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Musical Events at the White House

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During the terms of Theodore Roosevelt (1901-1909), White House musical events became a major, regularly scheduled feature of the mansion’s social life. Many innovations took place: the first program by a famous concert pianist; the first musicale devoted to a single opera; the first performance on a clavichord; and the first East Room piano–a fine concert grand from Steinway & Sons presented to the White House in 1903. The world’s greatest pianists from Josef Hofmann to the legendary Ignacy Paderewski were invited to perform for the Roosevelts, and instrumental music reached further heights with the Kneisel Quartet, the Philadelphia Symphony Orchestra, and the new Washington Symphony Orchestra. One of the most distinctive programs of the era, however, was that of the twenty-eight-year-old Spanish cellist, Pablo Casals, who played on January 15, 1904. More than a half century later, Casals would perform again in the White House for President and Mrs. John F. Kennedy.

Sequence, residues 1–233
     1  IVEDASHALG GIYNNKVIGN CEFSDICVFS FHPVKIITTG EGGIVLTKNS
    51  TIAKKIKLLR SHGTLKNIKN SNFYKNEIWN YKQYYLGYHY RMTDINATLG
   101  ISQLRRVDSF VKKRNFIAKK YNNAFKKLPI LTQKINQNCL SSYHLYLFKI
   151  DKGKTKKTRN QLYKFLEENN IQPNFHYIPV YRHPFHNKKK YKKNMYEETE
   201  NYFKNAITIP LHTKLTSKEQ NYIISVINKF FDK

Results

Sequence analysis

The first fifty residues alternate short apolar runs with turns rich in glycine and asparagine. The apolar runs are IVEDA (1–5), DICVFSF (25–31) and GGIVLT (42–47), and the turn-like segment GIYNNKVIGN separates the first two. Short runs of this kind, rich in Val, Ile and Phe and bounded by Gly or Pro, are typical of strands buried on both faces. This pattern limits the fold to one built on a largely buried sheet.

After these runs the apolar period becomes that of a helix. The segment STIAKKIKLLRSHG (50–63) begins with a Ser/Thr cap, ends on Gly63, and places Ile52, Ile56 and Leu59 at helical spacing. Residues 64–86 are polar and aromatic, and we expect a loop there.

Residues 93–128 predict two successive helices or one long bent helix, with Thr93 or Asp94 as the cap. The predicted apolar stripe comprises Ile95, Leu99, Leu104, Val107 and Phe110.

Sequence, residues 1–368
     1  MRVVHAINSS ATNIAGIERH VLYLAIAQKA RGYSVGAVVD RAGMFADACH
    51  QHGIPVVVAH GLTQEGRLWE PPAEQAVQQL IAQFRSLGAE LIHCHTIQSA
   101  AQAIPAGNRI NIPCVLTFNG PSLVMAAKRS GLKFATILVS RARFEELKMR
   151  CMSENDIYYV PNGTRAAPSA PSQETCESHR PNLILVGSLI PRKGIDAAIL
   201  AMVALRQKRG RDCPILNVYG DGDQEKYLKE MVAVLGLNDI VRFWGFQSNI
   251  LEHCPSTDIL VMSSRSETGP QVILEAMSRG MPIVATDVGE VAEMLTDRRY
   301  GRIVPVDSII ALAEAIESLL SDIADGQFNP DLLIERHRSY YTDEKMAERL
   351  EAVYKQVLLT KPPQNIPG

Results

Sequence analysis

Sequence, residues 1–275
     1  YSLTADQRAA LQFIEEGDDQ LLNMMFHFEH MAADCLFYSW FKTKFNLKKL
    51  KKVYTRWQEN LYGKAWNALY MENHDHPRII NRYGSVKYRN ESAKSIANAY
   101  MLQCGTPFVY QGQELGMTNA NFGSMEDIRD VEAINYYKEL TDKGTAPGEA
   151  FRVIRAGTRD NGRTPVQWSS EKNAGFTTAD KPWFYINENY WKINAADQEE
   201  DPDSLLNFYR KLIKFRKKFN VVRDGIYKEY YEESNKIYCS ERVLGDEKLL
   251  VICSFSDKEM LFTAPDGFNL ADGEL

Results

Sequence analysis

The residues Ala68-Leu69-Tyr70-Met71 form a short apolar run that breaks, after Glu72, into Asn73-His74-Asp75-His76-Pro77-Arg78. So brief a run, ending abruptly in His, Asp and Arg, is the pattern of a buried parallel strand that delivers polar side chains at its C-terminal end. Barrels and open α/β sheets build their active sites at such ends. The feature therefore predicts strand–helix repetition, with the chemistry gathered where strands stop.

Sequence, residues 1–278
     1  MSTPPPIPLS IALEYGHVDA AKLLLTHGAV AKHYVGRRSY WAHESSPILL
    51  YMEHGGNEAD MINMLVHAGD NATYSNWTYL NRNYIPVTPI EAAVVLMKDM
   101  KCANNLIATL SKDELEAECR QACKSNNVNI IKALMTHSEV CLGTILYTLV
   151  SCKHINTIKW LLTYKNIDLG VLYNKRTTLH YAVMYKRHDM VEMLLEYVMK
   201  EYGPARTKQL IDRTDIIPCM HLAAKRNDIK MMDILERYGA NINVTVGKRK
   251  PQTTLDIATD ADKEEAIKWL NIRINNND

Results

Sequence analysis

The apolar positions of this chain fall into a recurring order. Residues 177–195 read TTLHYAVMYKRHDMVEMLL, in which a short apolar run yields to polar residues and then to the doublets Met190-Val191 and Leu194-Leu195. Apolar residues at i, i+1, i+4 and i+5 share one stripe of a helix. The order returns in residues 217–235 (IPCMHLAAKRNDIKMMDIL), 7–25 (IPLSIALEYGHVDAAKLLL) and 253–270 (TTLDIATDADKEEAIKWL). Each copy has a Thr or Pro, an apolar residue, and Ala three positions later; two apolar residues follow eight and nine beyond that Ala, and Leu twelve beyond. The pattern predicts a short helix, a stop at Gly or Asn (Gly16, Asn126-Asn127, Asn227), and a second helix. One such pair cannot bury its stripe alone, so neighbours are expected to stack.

Landmark Era Performances

1903: The famous "Gold Steinway" was presented to the White House in January on the occasion of Steinway’s 50th anniversary establishing the East Room as a focal point for the performing arts. For the next several decades, Steinway arranged appearances by the great pianists of the day---Busoni, Hofmann, Samaroff, and the legendary Ignacy Jan Paderewski.

1905: Scott Joplin's celebrated 1899 Maple Leaf Rag was first played at the White House in 1905 at a diplomatic reception at the request of Theodore Roosevelt's daughter, Alice, who wanted to hear "that new jazz."

Grand piano presented to the White House in 1903.

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